I Read Your Site and Now I Need Some Advice. – Jean

“Dear Steve,

I have read some of your answers to others a few times now and thought I would dive in too.

I have myself deep in debt; mostly credit cards but a few vehicles and student loans. I’ve borrowed from my 401k too so nothing there to help me. Not only did I get myself in debt but my husband lent me credit cards to use for balance transfers and I ran his cards up too.

I went on a major spending and gambling spree. I don’t know what came over me. I’ve never been this irresponsible before in my life ever! I’m always the responsible one in my family.

Anyway, my credit card debt is now almost 80k. I have two cars that are upside down. One is my sons and I’ve been paying for it for 3 years now. He pays a little here and there when he feels like it.

And my student loans will soon total about 50k. My employer pays for my education but I’ve been using it to make my credit card and car payments. I’m drowning fast!! This whole thing has created a lot of tension in my marriage as you can imagine.

My husband is very frugal and financially responsible. He is very angry with me but forgave me…sort of. Our relationship is not the same anymore. He will not help me make the payments and has plans of his own about his future. I guess I shouldn’t expect him to, but I don’t know how I will manage once I finish school and run out of student loan money. Also my student loan payments will be due 6 months later.

I can barely afford my bills now. I make about 60k a year. This is ok money but not enough. I am going to drown soon. I take full responsibility for the position I’m in and I’ve been trying to maintain my payments but I don’t know how long I can keep this up. I would like to increase my cash flow but I don’t know how I would find the time.

Should I try a debt management program or file bankruptcy? Does the dmp hurt your credit as much as the bankruptcy? My husband doesn’t want to file bankruptcy so his portion wouldn’t be covered (about $42k) so is it worth it? How would filing bankruptcy affect my husbands credit?

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Dear Jean,

Thank you for writing me for help.

Okay. What we have here is a multifaceted problem. It’s not just an easy situation where you can wave a debt management wand and make it all better.

Money problems are not about the money. They are the symptoms of the underlying issues that lead you into debt. In your case it seems those issues were related to your shopping, gambling and inappropriate use of the tuition reimbursement money. The relationship issue is a different matter but I’ll get to that.

Now is not the time to gamble or bargain trying to get an easy solution. Now is the time to step up, face the issues head on and accept your situation. No more impulsive magical thinking, please.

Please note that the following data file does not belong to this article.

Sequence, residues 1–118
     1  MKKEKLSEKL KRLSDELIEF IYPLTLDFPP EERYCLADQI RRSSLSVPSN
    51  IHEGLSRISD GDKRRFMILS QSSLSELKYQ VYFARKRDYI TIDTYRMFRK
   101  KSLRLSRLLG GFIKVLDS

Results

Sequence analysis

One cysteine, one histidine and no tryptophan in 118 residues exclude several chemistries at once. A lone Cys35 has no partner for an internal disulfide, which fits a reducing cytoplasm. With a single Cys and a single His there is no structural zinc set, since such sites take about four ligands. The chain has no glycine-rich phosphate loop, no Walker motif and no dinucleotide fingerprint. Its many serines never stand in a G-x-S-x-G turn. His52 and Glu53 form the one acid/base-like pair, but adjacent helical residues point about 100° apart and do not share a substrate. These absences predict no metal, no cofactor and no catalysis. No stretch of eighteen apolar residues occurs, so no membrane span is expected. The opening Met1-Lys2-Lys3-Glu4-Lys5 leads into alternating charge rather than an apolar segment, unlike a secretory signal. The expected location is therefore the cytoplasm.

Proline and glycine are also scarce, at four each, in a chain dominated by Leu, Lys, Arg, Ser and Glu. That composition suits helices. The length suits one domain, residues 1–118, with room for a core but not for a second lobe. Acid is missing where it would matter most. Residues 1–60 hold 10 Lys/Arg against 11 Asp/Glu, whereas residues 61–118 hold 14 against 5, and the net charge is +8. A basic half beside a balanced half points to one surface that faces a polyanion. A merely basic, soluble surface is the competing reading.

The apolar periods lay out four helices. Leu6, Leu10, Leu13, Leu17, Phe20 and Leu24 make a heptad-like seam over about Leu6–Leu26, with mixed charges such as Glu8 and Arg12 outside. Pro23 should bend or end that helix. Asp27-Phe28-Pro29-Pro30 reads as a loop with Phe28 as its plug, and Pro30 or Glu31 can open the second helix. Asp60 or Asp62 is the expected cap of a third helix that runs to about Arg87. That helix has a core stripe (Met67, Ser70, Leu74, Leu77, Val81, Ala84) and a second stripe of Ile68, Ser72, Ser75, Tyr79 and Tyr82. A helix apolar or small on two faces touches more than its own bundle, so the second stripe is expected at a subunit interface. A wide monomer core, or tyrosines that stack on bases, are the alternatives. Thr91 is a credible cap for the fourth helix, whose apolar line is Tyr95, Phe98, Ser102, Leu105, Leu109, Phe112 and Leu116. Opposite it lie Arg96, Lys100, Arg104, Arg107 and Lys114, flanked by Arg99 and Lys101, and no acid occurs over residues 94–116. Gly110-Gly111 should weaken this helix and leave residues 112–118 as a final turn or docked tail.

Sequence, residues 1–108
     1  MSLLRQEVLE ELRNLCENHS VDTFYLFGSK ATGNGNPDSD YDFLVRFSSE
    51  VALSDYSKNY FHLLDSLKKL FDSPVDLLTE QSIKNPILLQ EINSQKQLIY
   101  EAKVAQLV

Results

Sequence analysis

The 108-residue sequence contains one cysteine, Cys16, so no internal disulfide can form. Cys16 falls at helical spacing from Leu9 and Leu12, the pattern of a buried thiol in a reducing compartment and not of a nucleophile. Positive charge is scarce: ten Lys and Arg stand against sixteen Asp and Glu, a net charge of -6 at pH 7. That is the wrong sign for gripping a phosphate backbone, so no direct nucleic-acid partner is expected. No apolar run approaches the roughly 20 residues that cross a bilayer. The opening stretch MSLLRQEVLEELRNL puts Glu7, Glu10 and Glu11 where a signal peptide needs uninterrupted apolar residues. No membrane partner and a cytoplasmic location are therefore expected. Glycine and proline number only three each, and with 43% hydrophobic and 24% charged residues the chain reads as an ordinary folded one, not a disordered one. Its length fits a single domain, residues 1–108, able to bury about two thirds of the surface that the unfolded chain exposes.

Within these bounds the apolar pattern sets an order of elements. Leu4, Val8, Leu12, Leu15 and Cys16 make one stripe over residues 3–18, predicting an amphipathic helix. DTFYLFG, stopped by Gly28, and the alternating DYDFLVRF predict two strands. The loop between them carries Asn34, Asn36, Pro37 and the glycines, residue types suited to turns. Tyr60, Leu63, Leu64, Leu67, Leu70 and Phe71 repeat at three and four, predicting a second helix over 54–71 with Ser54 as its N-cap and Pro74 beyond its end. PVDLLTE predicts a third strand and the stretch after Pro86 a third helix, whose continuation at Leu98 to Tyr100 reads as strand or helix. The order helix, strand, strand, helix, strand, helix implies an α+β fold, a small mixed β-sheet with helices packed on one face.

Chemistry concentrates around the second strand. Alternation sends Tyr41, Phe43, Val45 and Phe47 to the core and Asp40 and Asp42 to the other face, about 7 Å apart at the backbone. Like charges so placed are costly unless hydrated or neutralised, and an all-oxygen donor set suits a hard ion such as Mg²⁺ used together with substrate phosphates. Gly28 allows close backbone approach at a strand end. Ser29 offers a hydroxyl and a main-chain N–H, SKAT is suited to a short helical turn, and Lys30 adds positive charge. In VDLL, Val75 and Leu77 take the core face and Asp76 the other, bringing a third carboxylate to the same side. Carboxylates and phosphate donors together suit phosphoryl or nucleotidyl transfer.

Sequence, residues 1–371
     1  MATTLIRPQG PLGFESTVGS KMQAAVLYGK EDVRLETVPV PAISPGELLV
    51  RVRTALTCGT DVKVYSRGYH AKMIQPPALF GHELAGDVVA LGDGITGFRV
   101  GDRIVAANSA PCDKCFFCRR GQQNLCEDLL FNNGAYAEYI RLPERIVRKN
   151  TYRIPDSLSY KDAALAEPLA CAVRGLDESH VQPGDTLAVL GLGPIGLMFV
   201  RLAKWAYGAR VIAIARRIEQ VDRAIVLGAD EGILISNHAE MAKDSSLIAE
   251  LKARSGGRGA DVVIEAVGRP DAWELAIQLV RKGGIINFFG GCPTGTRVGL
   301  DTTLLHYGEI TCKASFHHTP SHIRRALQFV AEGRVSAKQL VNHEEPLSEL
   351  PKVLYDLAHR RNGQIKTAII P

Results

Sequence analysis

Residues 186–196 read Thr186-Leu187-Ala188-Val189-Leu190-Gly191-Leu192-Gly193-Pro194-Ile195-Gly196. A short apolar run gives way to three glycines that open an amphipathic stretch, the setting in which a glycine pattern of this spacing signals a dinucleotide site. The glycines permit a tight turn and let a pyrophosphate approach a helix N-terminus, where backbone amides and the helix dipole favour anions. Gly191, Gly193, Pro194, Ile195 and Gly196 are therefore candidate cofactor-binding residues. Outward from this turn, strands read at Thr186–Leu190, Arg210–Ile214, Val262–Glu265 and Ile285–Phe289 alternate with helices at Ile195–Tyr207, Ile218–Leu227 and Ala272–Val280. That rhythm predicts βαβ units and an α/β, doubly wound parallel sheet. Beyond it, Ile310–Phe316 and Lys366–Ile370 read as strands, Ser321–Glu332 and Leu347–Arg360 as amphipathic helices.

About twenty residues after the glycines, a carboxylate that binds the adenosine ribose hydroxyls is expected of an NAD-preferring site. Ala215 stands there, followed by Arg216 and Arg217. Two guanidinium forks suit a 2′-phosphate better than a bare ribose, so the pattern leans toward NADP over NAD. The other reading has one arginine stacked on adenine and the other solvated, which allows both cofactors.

The first step is to make sure you have sought professional help to deal with the gambling and shopping issues. Both of those issues are manifestations of emotional issues or maybe even a brain chemistry imbalance that caused you to act in such a way that this debt was created. Something in your life, body, or background has allowed you to behave out of balance and if we don’t address that issue, trust me, you will be right back in this situation again.

Do You Have a Question You'd Like Help With? Contact Debt Coach Damon Day. Click here to reach Damon.

I think it is imperative to stop using your tuition reimbursement for unsecured credit payments. That needs to stop today. And while we are stopping stuff, you need to stop making your sons payments that you can’t afford and help tach him a financial lesson and help him find a way to pay it.

I really don’t see a credit counseling or DMP being the best fit for you in this situation. It will probably be better resolved with bankruptcy and you can go bankrupt alone on all the debts in your name alone. You can click here to find a local bankruptcy attorney and go talk to them for free to find out specifics about filing bankruptcy in your situation.

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but simply filing bankruptcy without addressing the underlying issues would be as effective as taking out a 401(k) loan. You took out the loan and you ran the debt back up again. The debt is not the problem here, as I said, it is the symptom.

If you follow this approach, all of it, and you are truly committed to making your life better, accepting responsibility for your past actions and moving forward with better balance then it is probably the best shot at helping to make your relationship better.

Now is the time to prove to you, your husband and me that you are really serious about addressing these issues and creating a better life.

Please update me on your progress by

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Steve Rhode is the Get Out of Debt Guy and has been helping good people with bad debt problems since 1994. You can learn more about Steve, here.
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